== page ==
Reportage from Sicily: Dream Slaves.

One of the abandoned houses around Campobello Di Mazara. It’s home for several people from Gambia and Senegal who try to find some work at the farms. May 2018

The olive season in Sicily ended in November, during the harvesting season, between September and November/December, around 1,500-2000 people living in the informal camp for seasonal workers.

Gambian farm worker at the place where he lives for a few months, several tents was burnt during the night. He lost in fire all his documents, money and clothes. February 2018

The camp is located next to the village Campobello di Mazara and has been around for few years, and it’s one of dozens camps in Italy.

Informal camp, some of the jobless tenants warm them self during winter. December 2017

After harvesting season it was shelter for dozens of people who use to live there permanently. They are mainly men, refugees, asylum seekers and migrants from Western African countries, they work on nearby farms, harvesting olives and other vegetables and fruits, for very low money.

A group of homeless people from Senegal sitting on front of the fire in the cold winter night. February 2018

Out of season there is not so much work, and most of them living as homeless and working occasionally, a few days a month, for local farmers.

One of the camp tenant from Gambia, before going to look for a job. Every day morning, hundreds of people go to the streets and waiting for the farmers. February 2018

Most of people working at the farms came to Europe many years ago, some of them still doesn’t have all Italians documents like refugee status or permissions to stay and work in Italy, they are waiting for it for more than 3 years.

Bathroom on front of abandoned house for people who work on the farms. May 2018

At the beginning of 2018, local authorities decide to remove the camp and force homeless refugees and migrants to leave.

Dinner preparation in one of the abandoned house for several Gambians and Senegalis. April 2018

After Carabinieri (Italian Police) demolished all tents and sheds, dozens of people from camp moved to abandoned houses and factories located around the village. So they are living now without access to water, electricity, bathroom and toilets.

One of the farm worker wash himself before go to sleep. February 2018
Morning cafe in abandoned house, made by jobless Gambian who suffer from deep depression after several weeks without job. May 2018
After olive season is finished, there is not so much work. Some people work only a few days in month for 20 Euro per day.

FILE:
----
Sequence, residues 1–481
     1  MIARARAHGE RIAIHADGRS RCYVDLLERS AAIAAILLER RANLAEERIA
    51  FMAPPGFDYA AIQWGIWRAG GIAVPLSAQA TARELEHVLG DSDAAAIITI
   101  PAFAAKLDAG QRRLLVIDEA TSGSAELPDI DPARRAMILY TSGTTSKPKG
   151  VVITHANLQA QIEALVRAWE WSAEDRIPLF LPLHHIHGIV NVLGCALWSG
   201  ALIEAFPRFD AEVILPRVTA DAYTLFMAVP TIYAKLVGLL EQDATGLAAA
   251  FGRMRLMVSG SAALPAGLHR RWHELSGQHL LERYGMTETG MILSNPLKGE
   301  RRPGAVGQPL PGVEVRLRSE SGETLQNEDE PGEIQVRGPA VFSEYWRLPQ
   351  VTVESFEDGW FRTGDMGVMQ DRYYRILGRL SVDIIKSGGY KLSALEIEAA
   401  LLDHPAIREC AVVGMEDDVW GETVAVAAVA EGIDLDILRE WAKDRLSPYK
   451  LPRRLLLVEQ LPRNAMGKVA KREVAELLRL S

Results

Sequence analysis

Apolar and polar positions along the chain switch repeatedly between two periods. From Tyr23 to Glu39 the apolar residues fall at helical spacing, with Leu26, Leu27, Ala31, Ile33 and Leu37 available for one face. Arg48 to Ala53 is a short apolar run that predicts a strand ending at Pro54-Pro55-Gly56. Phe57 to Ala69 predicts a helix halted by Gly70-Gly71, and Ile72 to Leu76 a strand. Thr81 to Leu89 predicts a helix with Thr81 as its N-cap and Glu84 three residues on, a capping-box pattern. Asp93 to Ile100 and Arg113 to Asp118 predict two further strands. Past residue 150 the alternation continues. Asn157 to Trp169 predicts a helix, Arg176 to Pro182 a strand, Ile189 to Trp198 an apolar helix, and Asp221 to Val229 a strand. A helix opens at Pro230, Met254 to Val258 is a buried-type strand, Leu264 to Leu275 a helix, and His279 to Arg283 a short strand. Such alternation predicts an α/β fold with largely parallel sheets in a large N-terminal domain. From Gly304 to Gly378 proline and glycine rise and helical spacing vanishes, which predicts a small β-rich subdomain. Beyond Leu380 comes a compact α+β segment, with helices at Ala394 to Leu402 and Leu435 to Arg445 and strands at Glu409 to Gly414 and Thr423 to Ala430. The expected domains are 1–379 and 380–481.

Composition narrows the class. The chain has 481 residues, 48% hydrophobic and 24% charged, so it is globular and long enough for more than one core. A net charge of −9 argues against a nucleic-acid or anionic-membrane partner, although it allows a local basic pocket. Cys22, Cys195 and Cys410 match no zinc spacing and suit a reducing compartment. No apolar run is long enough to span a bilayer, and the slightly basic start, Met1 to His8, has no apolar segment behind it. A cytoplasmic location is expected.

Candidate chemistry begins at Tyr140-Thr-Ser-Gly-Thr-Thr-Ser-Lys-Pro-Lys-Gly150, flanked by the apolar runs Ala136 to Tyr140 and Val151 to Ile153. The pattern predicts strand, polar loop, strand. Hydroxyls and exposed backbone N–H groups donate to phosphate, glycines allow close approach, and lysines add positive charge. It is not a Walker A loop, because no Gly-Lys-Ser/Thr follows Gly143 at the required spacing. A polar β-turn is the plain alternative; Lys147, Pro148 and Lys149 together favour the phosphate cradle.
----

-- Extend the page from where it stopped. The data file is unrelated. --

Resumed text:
Every person who came to the camp build their shelter by them self. December 2017
Group of jobless people from Gambia and Senegal waiting for their phone to be charged. December 2017
Temporary mosque in the informal camp. In March 2018, local authorities came and demolished informal camp, force all people to leave their only shelter. February 2018
Making warm water for shower and clothes washing, it may takes a few hours. December 2017
Abandoned factory, house for dozens people from Gambia and Senegal. There is no water and electricity and closest shop is a few kilometers away. May 2018
One of the Gambian on front of his previous abandoned house, which was blocked by local authorities after they force him to leave his shelter. April 2018
New informal camp set up this October. Before olive season starts, it was place to live for around 500-600 people. October 2018
One of dozens abandoned houses around Campobello di Mazara. In some houses there is a few people only but in some of them several people live without water and electricity. April 2018
One of dozens farmers came to pick up migrants to work. Every morning they are waiting in front of informal camp. October 2018
One of the abandoned houses around Campobello Di Mazara. It’s home for several people from Gambia and Senegal who try to find some work at the farms. May 2018

About the author:
Marius Zsmiejek is a Freelance documentary and portrait photographer, born in Poland in 1978. His work is dedicated to expose issues of post-conflict territories and societies. Mariusz lives in Belfast since 2011 and has been documenting a long term project about the transition and everyday life in Northern Ireland during the peace process.

Since 2017 he work also on long term stories about daily life and condition of refugee and migrants from Western Africa living in Sicily.

His photographs were published in The New York Times, National Geographic, The British Journal of Photography, Time, BBC, Boston Review, The National, De Volkskrant, DR, Open Democracy among many others.

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